Conant was a renowned chemist at Harvard and a leader of the Manhattan Project so he knew a thing or two about rigorous scientific research. But Conant saw his high school report as a subjective analysis to prove that the kind of high schools he wanted to flourish in America could exist. He called it a “personal appraisal.” In the end, only eight of the high schools that he studied met with his high standards but he offered a list of 21 recommendations for all high schools across the nation.
The first of them was this:
There should be one full-time counselor (or guidance officer) for every two hundred fifty to three hundred pupils in the high school. The counselors should have had experience as teachers but should be devoting virtually full time to the counseling work; they should be familiar with the use of tests and measurements of the aptitudes and achievement of pupils. The function of the counselor is not to supplant the parents but to supplement parental advice to a youngster.Excerpt from “The American High School Today” by James B. Conant, p. 44-45.
Conant’s report, “The American High School Today,” was published as a book in 1959. The New York Times and Washington Post featured it on their front pages and it was a widely praised bestseller.
In 1965, the American School Counselor Association codified Conant’s caseload recommendation at 250 students, the smaller end of the range, as an official policy statement.
“It gained traction because the emerging profession of school counseling was eager to lean on Conant’s prestige and authority to promote the field,” wrote Nicola.
Why the number has remained untouched for over 50 years is unclear. Modern educational researchers certainly have the data and the quantitative tools to scrutinize it. They could easily follow the same methodology that other researchers have used for studying class size, for which there is a large research literature. Instead of tracking student achievement, researchers could monitor other outcomes, such as college going rates, completion of financial aid forms and social-emotional metrics, as student caseload sizes vary.
Related: Hechinger Report stories on the guidance gap in U.S. schools
This kind of scrutiny is starting to happen right now. The counselor association itself has commissioned research to look at whether the 250 student-to-counselor ratio is optimal or if it should be a different number. Currently the association is reviewing the newest studies, such as these 2019 papers, to see if there is a new conclusion. “There’s definitely work to do,” said Jill Cook, the association’s assistant director.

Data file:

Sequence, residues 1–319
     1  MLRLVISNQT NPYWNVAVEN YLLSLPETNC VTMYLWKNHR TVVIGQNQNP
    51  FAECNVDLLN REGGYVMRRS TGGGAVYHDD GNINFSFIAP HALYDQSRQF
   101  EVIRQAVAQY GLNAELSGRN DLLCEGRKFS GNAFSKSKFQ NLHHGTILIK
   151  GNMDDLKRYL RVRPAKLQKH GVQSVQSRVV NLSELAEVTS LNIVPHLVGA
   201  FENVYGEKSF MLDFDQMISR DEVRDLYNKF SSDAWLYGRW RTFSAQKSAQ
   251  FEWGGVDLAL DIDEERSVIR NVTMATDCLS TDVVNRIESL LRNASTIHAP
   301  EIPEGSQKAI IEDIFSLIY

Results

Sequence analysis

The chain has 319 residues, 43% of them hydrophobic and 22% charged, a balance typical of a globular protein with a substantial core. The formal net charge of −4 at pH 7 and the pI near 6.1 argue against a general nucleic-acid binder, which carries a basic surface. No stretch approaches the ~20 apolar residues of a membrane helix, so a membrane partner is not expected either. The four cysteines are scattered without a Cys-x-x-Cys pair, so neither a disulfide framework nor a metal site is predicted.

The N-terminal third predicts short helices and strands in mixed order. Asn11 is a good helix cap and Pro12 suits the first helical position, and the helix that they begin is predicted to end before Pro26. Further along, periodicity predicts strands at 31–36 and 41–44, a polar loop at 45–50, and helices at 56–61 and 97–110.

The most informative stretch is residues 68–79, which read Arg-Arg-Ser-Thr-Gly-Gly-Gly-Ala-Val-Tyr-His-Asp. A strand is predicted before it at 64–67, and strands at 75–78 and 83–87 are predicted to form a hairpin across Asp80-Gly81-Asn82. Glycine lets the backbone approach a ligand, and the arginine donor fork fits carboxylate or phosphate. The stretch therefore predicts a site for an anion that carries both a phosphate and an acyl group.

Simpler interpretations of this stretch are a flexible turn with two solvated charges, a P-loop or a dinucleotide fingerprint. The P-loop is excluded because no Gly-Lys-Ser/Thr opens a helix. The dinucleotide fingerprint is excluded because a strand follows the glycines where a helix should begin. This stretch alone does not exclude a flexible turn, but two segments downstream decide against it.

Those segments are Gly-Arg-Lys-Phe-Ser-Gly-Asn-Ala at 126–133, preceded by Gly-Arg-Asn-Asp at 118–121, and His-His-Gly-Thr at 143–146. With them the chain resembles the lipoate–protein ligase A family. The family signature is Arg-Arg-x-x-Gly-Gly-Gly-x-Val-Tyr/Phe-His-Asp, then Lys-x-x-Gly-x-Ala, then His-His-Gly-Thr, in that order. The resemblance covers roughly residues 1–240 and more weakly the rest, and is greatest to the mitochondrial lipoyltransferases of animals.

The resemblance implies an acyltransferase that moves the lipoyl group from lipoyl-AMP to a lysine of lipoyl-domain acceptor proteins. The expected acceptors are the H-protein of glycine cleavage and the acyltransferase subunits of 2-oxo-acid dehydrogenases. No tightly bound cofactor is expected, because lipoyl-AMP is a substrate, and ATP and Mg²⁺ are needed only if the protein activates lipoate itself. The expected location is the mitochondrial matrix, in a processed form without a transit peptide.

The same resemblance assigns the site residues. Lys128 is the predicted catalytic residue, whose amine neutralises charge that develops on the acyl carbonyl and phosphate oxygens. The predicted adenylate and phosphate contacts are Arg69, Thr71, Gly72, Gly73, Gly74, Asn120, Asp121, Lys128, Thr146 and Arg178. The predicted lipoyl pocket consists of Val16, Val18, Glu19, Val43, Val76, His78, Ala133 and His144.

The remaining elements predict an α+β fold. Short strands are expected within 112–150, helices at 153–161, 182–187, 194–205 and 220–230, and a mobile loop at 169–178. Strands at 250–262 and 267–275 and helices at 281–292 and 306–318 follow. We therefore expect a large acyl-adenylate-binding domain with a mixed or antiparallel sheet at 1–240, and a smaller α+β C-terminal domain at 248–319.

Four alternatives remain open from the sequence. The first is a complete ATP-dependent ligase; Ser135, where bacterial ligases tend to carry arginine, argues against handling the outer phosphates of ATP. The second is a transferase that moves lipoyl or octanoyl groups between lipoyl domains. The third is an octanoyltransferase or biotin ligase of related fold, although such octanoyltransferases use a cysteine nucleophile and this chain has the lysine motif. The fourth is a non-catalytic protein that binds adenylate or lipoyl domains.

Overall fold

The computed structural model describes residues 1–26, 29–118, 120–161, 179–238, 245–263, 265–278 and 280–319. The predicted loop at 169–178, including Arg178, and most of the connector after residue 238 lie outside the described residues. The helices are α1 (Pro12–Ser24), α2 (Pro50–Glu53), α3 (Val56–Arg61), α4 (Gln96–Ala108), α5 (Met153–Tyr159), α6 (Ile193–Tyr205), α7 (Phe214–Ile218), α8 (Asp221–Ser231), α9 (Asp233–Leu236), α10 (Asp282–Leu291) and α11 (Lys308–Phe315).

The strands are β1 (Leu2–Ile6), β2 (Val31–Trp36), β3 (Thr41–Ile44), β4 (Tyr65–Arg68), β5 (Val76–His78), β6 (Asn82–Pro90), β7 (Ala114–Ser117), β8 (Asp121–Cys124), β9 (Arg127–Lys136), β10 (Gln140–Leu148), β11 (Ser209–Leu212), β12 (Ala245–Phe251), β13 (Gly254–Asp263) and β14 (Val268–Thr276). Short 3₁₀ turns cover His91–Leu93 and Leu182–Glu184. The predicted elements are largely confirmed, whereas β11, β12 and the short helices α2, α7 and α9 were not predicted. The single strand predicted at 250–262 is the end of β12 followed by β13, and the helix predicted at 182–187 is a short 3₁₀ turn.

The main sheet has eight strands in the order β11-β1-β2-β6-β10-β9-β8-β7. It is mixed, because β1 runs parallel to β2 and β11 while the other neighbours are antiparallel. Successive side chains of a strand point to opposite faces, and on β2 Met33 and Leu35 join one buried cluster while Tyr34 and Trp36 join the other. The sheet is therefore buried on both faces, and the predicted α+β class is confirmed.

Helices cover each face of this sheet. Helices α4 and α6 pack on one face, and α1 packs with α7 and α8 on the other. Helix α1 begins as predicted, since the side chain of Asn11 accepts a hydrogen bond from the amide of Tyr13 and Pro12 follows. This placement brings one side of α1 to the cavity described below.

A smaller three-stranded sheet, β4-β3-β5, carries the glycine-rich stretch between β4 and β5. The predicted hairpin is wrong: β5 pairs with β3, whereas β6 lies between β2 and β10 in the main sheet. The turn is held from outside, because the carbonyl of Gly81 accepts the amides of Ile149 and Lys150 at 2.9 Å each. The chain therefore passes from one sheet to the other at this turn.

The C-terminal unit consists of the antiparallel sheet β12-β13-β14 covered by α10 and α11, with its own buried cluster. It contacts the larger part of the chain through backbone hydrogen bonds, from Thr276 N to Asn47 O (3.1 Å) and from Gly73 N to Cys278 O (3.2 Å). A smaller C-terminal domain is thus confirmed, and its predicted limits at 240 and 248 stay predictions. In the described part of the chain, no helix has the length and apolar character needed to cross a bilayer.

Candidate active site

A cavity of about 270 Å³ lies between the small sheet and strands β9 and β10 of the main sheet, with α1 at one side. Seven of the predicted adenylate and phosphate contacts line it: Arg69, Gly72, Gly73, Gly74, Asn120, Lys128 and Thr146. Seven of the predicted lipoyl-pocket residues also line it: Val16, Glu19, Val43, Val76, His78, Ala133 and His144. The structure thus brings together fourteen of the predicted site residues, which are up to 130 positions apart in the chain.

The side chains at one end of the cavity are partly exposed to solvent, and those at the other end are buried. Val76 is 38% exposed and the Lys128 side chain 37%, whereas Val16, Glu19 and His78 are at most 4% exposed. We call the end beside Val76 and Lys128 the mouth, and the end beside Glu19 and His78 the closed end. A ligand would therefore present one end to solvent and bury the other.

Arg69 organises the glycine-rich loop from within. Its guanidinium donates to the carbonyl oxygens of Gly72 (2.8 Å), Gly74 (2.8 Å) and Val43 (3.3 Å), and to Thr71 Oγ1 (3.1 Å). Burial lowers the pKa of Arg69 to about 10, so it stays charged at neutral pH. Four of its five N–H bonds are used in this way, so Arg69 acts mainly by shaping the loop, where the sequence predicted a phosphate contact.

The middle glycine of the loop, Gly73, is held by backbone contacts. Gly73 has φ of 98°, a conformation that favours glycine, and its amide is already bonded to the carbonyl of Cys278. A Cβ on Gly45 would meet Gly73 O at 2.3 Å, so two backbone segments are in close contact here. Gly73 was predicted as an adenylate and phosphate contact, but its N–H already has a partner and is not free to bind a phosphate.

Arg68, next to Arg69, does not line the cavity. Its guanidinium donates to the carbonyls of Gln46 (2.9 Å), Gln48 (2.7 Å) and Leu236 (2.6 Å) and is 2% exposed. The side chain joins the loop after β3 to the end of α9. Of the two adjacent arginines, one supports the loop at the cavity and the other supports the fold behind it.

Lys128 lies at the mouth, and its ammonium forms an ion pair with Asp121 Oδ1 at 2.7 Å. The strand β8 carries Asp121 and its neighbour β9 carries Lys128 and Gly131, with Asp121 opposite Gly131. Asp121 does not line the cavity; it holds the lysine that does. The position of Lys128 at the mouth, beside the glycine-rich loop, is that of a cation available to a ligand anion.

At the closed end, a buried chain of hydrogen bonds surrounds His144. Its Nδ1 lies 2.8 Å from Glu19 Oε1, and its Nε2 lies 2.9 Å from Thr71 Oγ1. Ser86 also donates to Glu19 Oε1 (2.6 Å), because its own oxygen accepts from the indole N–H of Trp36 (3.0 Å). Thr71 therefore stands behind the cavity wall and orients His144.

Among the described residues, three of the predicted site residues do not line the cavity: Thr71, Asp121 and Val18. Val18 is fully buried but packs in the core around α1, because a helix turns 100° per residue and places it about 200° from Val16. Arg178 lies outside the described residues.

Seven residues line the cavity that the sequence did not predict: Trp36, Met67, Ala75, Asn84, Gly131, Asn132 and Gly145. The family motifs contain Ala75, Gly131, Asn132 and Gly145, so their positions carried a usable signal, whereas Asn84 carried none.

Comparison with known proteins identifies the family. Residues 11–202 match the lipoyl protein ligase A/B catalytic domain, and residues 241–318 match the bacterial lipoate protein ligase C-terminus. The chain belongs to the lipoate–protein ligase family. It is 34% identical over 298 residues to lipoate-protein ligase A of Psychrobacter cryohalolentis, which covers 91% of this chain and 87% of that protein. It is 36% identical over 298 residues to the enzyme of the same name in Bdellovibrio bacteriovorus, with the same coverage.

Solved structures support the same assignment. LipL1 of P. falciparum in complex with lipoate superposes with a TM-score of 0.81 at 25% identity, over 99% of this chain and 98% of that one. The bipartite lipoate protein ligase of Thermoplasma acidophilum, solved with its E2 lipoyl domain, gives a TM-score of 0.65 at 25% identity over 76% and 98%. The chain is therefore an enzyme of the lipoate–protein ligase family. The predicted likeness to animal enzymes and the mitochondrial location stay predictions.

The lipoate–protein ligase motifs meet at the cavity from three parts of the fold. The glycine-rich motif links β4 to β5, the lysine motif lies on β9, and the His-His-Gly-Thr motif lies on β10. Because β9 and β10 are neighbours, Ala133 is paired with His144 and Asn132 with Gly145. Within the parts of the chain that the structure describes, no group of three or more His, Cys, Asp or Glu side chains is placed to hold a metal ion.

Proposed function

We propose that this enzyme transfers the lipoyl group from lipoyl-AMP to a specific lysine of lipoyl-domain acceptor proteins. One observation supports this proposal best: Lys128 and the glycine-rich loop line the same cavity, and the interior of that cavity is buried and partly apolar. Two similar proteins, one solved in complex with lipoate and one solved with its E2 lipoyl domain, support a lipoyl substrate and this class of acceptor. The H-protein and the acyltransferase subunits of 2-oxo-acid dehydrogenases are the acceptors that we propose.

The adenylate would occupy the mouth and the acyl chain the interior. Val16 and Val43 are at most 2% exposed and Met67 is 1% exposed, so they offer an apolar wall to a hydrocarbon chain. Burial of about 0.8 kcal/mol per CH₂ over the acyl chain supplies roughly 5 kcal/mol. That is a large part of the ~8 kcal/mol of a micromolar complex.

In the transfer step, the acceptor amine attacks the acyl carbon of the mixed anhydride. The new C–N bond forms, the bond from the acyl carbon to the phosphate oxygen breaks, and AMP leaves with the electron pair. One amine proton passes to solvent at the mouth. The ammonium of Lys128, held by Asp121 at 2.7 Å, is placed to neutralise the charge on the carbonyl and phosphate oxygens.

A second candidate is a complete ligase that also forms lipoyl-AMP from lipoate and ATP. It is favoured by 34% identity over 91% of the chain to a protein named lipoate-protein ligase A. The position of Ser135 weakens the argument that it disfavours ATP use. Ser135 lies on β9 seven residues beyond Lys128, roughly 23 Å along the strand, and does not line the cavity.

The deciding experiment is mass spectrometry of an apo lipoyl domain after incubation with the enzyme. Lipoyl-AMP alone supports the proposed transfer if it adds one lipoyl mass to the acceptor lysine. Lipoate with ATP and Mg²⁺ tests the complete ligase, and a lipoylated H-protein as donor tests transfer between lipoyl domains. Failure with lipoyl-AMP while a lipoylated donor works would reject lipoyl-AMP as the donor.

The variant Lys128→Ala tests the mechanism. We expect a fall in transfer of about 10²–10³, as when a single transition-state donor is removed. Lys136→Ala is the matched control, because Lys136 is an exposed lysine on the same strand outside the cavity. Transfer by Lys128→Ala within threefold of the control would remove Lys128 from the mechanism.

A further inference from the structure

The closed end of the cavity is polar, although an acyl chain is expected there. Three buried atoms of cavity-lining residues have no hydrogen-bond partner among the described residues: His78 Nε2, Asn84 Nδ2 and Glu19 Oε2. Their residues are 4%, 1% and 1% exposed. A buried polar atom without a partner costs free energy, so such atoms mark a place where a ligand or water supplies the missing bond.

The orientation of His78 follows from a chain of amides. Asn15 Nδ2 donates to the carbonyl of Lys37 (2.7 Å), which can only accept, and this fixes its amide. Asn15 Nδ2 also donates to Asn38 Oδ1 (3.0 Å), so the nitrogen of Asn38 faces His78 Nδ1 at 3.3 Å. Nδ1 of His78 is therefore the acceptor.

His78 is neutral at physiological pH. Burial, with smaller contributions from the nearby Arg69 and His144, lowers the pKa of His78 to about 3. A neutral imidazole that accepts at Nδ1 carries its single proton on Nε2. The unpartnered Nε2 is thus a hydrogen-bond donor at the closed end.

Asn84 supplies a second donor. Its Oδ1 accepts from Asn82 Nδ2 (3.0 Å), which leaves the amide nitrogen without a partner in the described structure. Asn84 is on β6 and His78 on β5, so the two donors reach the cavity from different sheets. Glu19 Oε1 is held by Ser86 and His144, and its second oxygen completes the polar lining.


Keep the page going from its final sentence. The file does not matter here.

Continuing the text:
In January 2020, another Harvard researcher completed a quantitative study, calculating how much extra value college counselors provide in contributing to high school graduation and college attendance rates.
And Nicola is part of a research team at Harvard’s education school, led by Mandy Savitz-Romer, that is independently looking at student-to-counselor ratios. One of the things they’re finding is that wealth and poverty matter. A 500-student-to-counselor ratio, Nicola said, can be fine in an affluent school where student needs are low. But in a low-income school, students might need a lot more counseling attention.
The counselor association “has a big push for states to adhere to the 250-to-1 ratio but that might not necessarily be what a school needs,” said Nicola. “Schools need to be able to say, we think we need a different ratio. It might be smaller than 250 and they shouldn’t feel constrained by the 250 number.”
In education, there are so many flimsy numbers that have been repeated over and over again. The 30-million word gap between high- and low-income babies wasn’t well calculated. The giant “2 sigma” result Benjamin Bloom supposedly got from personal tutoring hasn’t been replicated. It’s possible that for over 60 years, we’ve been trying to reach a school counseling ratio that shouldn’t exist at all.
This story about the how many counselors should a school have was written by Jill Barshay and produced by The Hechinger Report, a nonprofit, independent news organization focused on inequality and innovation in education. Sign up for the Hechinger newsletter.